SACRAMENTO, Calif. (KERO) — Farm workers gathered in the city of Delano to embark on a march about voting rights earlier this month. Their mission was to have a bill signed that would allow farm workers to feel safe when voting in union elections.
Over 330 miles, and 23 days later, that march reached the state capitol.
Thousands of farm workers marched alongside various community members in order to ask California Governor Gavin Newsom to sign AB 2183. "Si se puede" is a chant that filled the streets of Sacramento on Friday as more than 5 thousand farm workers and supporters arrived at the capitol demanding to see the Agricultural Labor Relations Voting Choice Act become law.
The bill was intended to make it easier and safer for farm workers to cast their votes in union elections, free from intimidation and threat. However, in response to the conclusion of the march, the Communications Director for the Office of the Governor, Erin Mellon, released a statement.
"Governor Newsom is eager to sign legislation that expands the opportunity for agricultural workers to come together and be represented, and he supports changes to state law to make it easier for these workers to organize. However, we cannot support an untested mail-in election process that lacks critical provisions to protect the integrity of the election and is predicated on an assumption that government cannot effectively enforce laws. We welcome an agreement with UFW on the ground-breaking legislation the administration has proposed.”
Despite their efforts not ending the way they wanted, Leydy Rangel, Communicator Director for the United Farm Workers (UFW) Foundation, says that the UFW will continue to march.
"Farm workers are not asking for much. They just want to have those rights that essential workers should have," said Rangel, who has been alongside the farm workers on the entire 23-day mission. "It’s extremely hard, it’s a big sacrifice to march. Especially those day-one marchers who have been with us since August 3rd. It’s grueling, their feet are hurt, they’re bruised, they have blisters, they are in pain.”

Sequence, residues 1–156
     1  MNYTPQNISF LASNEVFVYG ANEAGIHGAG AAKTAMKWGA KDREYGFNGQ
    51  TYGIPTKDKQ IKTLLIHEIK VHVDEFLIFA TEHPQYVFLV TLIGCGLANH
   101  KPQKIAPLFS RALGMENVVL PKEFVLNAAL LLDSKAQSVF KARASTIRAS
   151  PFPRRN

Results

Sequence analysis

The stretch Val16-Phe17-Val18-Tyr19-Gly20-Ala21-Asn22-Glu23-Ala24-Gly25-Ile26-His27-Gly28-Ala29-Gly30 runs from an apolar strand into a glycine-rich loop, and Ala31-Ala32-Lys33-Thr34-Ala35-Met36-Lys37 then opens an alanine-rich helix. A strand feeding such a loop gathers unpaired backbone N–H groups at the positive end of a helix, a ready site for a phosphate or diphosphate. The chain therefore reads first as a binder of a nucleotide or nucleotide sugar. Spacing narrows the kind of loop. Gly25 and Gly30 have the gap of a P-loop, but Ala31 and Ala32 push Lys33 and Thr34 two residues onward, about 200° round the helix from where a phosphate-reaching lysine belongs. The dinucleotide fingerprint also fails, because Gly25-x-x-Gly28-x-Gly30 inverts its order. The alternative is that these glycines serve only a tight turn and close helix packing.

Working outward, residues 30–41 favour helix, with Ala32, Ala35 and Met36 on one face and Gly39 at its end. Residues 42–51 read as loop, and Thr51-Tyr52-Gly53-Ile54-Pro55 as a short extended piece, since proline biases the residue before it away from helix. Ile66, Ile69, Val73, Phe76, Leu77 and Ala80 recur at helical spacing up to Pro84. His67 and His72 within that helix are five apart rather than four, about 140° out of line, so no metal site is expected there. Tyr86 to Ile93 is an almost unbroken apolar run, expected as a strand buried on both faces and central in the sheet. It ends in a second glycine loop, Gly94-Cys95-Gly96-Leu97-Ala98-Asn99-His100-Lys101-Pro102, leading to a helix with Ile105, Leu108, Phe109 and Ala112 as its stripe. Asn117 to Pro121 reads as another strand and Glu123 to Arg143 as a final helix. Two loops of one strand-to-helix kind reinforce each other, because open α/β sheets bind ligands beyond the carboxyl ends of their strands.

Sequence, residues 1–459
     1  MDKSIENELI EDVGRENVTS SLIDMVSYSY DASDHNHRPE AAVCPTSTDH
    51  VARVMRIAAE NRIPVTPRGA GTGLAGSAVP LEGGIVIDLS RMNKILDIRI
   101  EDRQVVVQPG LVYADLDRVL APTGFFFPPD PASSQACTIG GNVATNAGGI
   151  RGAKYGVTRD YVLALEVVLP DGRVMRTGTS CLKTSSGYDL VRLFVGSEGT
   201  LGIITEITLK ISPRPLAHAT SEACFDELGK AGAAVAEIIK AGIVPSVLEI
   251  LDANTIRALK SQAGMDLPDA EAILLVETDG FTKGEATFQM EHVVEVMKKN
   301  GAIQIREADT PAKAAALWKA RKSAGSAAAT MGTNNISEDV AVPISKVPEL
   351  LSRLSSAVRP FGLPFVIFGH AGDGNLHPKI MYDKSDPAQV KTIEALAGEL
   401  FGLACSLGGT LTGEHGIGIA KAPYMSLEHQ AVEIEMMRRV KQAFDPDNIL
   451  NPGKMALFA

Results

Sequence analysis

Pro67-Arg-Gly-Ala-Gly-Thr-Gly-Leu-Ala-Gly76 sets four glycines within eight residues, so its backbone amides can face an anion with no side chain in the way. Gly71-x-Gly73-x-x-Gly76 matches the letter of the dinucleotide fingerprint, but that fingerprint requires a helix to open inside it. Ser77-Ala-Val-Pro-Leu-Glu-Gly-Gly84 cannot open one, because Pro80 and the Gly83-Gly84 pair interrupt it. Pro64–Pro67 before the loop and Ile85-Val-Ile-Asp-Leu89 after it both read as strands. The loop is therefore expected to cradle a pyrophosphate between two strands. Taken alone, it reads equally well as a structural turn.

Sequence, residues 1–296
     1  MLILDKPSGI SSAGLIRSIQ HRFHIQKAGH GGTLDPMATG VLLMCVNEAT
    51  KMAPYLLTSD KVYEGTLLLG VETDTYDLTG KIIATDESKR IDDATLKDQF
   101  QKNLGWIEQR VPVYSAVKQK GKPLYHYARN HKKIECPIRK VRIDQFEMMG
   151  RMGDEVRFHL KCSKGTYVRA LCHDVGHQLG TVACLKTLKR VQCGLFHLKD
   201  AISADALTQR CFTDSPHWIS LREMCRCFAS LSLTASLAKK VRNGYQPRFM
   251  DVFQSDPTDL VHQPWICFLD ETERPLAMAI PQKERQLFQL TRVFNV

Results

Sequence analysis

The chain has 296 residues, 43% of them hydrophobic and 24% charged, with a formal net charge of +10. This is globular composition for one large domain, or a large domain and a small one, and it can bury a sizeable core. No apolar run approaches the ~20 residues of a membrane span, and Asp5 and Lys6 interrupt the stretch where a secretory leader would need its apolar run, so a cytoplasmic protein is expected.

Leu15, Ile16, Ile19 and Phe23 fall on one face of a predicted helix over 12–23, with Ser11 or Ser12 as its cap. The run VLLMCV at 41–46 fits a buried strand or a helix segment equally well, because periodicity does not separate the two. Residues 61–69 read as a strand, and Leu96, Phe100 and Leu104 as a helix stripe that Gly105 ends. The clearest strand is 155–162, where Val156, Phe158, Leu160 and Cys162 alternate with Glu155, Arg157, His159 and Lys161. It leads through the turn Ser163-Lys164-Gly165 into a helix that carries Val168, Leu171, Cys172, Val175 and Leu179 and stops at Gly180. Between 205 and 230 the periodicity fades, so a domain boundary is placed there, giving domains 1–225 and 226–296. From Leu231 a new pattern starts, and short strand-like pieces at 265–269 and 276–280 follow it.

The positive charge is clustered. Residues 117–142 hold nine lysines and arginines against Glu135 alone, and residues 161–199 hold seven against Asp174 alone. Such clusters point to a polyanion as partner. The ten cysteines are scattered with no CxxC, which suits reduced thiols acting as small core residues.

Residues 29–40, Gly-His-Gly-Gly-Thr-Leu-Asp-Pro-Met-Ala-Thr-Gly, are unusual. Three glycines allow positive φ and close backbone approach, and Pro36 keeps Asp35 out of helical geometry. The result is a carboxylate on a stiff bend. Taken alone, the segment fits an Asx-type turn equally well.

Rangel also said that despite the pain, it was a sacrifice that the farm workers were willing to make.
“Every single step of the way we are going to continue saying 'yes we can' and these folks are not tired yet of raising their voice and they’re going to continue marching and doing everything they can until we have the vote become law.”
To support the United Farm Workers on their legislative journey, donations can be made on their website.
The full text of AB 2183 is below:
Existing law, the Alatorre-Zenovich-Dunlap-Berman Agricultural Labor Relations Act of 1975, grants agricultural employees the right to form and join labor organizations and engage in collective bargaining with respect to wages, terms of employment, and other employment conditions, and authorizes employees to elect exclusive bargaining representatives for these purposes. Existing law creates the Agricultural Labor Relations Board and prescribes its composition, duties, and powers. Existing law authorizes the board to hold hearings and conduct investigations and requires that certain procedures be the exclusive method of redressing unfair labor practices. Under existing law, any person who willfully resists, prevents, or interferes with a member of the board or its agents or agencies in the performance of their duties is guilty of a misdemeanor.
Existing law requires the board to certify the results of an election conducted by secret ballot of employees in a collective bargaining unit to designate a collective bargaining representative, unless the board determines there are sufficient grounds to refuse to do so. Existing law further provides that if the board refuses to certify an election because of employer misconduct that would render slight the chances of a new election reflecting the free and fair choice of employees, the labor organization shall be certified as the bargaining representative for the bargaining unit.